Hugo: The Gods Themselves (1973)

2 minutes

The Gods Themselves by Isaac Asimov
Read August 14, 2012 – August 17, 2012

(Yes, I’m back! You’ll note the over one-year gap between novels. I was in grad school and had a master’s paper to write. Now I’m thoroughly over-educated and unemployed. A lot has happened to me over that big break, but I’ll endeavor to keep the reviews the same.)

Premise: A group of catty egotistical scientists attempt to one-up each other in the realm of physics and energy while systematically ignoring the dire consequences to the universe. They create an “energy pump” which trades elements with a parallel universe where the laws of physics are opposite. In that parallel universe, a group of extraterrestrials also deals with the identical problem.

Verdict: The title of this novel is taken from a German play about Joan of Arc—the full quote being “Against stupidity the gods themselves contend in vain.” That seems to sum up the whole novel quite well. The novel is in three parts (the parts originally published in Galaxy Magazine as three separate stories)—the first part is the humans discovering the strange element, the second is a sociological almost-soft-sci-fi exploration of the social structures and scientific dynamics of the aliens in the parallel universe, and the third returns to the humans and features a moon colony and a scientist focused on the problem and not the politics. My favorite part was the part with the aliens and the novel is well worth reading if only for that section (entitled “The Gods Themselves.”) The last section suffers from the same sort of genre-disease that most male-written sci-fi of this time exhibits. Through the mid-60’s, really, science fiction was dominated by male authors which can make for some unfortunate portrayals of women in their novels. Then you have people like Le Guin (and others) coming in and stirring the pot, so all the old white dudes were like “crap! We need to put women in these books!” What you end up with is the sexually-free, independent woman who nevertheless needs the middle aged man and desires a traditional nuclear family the second she meets him. This happens constantly—particularly with Heinlein, but also Asimov. It’s tired, but it’s expected when I’m reading this from this time period, so I just roll my eyes and move on.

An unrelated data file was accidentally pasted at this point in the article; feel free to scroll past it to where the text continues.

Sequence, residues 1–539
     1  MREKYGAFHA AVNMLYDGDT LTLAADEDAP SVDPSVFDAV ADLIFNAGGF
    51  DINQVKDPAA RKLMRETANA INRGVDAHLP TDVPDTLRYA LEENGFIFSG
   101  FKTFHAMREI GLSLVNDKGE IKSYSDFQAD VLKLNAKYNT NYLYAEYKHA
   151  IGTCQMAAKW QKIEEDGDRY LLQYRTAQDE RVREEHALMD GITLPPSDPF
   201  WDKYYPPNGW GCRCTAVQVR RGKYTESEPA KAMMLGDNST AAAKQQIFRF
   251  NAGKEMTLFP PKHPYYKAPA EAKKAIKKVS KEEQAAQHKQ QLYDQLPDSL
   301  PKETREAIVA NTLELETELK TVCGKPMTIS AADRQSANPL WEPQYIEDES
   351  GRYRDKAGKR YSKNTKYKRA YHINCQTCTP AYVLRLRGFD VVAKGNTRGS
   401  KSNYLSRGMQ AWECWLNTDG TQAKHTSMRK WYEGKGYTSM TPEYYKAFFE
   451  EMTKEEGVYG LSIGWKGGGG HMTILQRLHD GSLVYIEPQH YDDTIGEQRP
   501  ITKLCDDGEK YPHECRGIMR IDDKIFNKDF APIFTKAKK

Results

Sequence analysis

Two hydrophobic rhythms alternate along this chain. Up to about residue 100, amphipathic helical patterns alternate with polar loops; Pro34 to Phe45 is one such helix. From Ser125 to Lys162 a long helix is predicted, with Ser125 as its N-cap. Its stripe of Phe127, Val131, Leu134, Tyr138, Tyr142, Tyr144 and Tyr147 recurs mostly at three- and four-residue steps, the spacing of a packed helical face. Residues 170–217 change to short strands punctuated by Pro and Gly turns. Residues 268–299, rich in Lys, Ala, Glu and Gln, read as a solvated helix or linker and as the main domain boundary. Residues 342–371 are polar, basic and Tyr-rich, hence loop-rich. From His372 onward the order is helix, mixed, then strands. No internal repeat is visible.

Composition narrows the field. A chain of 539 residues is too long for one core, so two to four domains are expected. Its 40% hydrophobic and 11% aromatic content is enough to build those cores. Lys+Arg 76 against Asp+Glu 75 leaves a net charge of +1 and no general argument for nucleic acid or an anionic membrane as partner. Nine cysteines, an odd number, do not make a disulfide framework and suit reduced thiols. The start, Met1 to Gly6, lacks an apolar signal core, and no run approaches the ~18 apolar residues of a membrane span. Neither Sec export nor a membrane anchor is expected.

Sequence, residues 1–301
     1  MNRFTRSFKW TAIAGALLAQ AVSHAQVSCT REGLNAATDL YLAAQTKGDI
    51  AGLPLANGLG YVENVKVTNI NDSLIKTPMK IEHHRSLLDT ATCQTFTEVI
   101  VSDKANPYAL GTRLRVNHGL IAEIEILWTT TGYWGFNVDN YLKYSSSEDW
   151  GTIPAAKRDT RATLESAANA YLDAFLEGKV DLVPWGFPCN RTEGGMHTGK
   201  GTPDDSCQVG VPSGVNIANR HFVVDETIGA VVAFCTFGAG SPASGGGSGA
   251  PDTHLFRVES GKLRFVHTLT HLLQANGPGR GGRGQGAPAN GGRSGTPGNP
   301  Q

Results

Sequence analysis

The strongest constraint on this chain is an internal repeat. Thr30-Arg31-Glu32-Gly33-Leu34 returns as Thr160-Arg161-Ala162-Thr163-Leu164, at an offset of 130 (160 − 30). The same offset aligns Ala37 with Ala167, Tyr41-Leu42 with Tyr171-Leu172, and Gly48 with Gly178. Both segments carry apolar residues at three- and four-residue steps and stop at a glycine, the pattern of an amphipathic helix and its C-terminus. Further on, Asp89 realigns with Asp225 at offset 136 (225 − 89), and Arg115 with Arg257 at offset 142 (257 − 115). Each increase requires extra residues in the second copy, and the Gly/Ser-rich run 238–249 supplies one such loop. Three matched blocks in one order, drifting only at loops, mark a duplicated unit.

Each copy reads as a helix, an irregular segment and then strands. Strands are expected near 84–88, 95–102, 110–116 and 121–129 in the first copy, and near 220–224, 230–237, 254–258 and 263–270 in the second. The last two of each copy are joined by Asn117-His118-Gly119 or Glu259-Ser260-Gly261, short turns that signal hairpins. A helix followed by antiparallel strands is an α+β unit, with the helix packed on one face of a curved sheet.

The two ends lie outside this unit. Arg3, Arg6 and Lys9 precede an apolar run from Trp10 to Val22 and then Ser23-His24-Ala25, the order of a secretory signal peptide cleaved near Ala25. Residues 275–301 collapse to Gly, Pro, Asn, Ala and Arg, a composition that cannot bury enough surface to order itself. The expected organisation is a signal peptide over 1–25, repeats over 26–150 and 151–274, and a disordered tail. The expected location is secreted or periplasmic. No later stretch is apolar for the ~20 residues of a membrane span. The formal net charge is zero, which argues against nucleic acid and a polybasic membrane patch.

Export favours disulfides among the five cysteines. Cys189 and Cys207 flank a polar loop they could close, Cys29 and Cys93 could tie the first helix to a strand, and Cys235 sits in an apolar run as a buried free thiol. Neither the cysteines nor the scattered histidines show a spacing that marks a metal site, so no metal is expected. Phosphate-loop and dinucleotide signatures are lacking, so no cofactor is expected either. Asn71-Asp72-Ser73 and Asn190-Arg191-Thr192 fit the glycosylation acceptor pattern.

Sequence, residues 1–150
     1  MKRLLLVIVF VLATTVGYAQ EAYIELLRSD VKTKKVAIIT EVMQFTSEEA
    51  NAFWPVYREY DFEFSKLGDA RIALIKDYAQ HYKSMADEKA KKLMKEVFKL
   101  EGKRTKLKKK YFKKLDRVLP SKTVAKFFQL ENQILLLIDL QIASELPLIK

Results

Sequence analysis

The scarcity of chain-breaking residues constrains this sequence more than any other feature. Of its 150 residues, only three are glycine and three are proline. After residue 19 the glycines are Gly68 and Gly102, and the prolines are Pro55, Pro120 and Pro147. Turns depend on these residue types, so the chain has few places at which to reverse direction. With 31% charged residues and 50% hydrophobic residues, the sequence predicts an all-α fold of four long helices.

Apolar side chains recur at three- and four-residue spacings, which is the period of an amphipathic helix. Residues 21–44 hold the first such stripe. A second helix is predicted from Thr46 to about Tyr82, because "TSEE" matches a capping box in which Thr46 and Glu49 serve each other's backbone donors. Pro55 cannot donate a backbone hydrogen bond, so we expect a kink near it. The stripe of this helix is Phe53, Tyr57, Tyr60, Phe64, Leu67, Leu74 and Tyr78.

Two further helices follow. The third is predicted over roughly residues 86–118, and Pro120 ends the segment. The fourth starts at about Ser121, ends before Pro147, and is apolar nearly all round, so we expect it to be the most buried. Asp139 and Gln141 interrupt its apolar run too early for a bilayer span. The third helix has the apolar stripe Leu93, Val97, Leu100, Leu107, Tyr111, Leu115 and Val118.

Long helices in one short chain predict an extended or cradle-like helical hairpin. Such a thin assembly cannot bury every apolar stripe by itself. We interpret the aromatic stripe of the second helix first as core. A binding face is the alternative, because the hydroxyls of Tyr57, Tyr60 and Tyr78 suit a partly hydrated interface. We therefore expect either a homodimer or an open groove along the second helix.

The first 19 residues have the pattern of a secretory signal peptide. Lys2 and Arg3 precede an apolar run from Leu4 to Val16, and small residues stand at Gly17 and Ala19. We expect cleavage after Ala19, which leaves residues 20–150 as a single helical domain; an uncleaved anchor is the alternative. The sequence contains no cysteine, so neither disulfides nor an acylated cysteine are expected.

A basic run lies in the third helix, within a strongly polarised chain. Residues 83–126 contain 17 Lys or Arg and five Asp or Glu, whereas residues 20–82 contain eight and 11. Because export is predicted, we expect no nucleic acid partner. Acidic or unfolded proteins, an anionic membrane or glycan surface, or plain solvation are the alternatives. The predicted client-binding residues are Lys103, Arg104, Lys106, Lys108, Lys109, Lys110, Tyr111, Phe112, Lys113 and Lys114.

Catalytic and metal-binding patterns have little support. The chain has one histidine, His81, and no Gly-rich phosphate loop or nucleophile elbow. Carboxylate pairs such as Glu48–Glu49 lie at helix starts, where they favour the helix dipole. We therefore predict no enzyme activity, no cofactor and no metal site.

This book was enjoyable and a quick read. Basically, read this novel for the aliens.